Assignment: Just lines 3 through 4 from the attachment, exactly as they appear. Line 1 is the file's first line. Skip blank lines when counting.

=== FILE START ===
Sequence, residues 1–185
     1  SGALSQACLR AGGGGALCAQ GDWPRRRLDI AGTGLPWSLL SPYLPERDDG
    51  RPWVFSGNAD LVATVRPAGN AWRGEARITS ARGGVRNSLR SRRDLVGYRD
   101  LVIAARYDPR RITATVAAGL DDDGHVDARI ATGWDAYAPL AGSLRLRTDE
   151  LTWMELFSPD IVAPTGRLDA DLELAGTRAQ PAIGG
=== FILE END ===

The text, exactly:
    51  RPWVFSGNAD LVATVRPAGN AWRGEARITS ARGGVRNSLR SRRDLVGYRD
   101  LVIAARYDPR RITATVAAGL DDDGHVDARI ATGWDAYAPL AGSLRLRTDE